I’ve been meaning to try out these cool Japanese kitchen items I got in the mail from Korin, a cool specialty Japanese tableware and knives seller from New York City. They carry a lot of neat Japanese kitchenware, including many knives similar to my beloved Masamoto knives (among many other Japanese knives). They recently contacted me asking me if I wanted to review something from their store. I ended up picking this unusual type of pot called a Jo On Sai Pot because it was different and something I’d never tried using before. Look out for a new post about this! Meanwhile, check out Korin‘s store online, which has tons of fun Japanese-type dishware & knives, many of which would make excellent gifts for anyone who loves Japanese stuff (like me!).

Sous Vide Supreme

If you want to experiment with a cooking technique used by many high-end restaurants around the world, try the art of sous vide cooking, which involves cooking foods at very precise temperatures (in a water bath). For the adventurous, try cooking out of Thomas Keller’s food dedicated to sous vide cooking, Under Pressure. For a more basic book that’s chock full of really useful information, try Douglas Baldwin’s Sous Vide for the Home Cook.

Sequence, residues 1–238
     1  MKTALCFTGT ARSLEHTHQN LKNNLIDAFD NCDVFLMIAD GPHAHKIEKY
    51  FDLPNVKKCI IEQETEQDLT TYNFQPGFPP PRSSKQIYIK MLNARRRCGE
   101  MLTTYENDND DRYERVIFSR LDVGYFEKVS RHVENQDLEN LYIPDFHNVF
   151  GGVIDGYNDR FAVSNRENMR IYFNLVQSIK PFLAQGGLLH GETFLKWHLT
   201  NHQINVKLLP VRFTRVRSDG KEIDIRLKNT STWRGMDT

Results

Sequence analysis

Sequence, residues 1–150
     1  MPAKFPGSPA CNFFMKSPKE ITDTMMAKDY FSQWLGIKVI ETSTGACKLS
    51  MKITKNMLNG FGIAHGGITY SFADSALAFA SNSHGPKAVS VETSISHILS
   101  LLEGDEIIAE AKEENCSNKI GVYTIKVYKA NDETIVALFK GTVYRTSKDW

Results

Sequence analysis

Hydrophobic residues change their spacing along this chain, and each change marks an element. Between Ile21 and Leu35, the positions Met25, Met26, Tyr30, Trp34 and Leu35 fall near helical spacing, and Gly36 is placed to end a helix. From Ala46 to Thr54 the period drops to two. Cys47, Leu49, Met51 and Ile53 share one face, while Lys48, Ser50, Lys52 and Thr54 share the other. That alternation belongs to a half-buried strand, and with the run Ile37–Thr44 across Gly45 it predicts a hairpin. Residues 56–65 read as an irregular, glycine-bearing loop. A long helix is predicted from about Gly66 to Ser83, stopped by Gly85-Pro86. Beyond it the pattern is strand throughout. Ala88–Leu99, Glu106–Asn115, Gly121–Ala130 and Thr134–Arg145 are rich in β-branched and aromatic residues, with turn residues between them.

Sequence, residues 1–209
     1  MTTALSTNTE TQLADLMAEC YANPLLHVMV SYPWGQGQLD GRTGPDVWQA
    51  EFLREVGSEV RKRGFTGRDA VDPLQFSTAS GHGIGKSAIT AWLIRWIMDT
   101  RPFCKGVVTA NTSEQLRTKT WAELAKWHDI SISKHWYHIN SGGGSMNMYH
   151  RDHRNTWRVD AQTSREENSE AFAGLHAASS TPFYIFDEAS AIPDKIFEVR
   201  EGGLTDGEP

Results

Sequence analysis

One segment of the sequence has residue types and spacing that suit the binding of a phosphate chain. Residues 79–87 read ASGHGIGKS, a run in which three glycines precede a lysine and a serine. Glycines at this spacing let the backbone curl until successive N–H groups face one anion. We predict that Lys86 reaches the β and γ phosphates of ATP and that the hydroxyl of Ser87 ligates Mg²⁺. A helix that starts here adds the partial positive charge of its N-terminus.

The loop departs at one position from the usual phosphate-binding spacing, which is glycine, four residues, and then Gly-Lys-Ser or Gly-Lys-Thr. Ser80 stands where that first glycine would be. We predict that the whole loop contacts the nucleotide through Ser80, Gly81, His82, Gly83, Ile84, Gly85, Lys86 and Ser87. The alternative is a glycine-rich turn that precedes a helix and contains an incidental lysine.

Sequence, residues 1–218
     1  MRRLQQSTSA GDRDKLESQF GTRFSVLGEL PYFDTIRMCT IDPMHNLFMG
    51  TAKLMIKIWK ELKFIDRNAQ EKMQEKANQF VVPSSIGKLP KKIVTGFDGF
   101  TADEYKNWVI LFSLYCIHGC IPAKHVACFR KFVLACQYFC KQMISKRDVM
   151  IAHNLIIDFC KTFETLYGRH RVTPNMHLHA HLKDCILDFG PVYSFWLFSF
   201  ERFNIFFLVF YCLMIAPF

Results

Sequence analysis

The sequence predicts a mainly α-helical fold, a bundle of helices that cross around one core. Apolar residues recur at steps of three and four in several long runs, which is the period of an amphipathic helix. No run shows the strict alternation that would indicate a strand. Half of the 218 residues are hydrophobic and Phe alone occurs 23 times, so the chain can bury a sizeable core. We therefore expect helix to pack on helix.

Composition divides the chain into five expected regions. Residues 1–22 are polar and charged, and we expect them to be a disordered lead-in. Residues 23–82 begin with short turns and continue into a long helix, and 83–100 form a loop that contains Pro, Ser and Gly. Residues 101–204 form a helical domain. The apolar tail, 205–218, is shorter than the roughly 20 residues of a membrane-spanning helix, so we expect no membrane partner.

Jura-Capresso Impressa F9 Fully Automatic Coffee and Espresso Center

We absolutely love our espressos and cappuccinos. We drink them every single day. This trooper of a machine has served us faithfully for the last two years. It is Swiss built and super reliable. We love that it’s completely automatic (everything from grinding, tapping, removing the grounds) and you can choose whatever type of beans you want to put inside. No K-cups in landfills!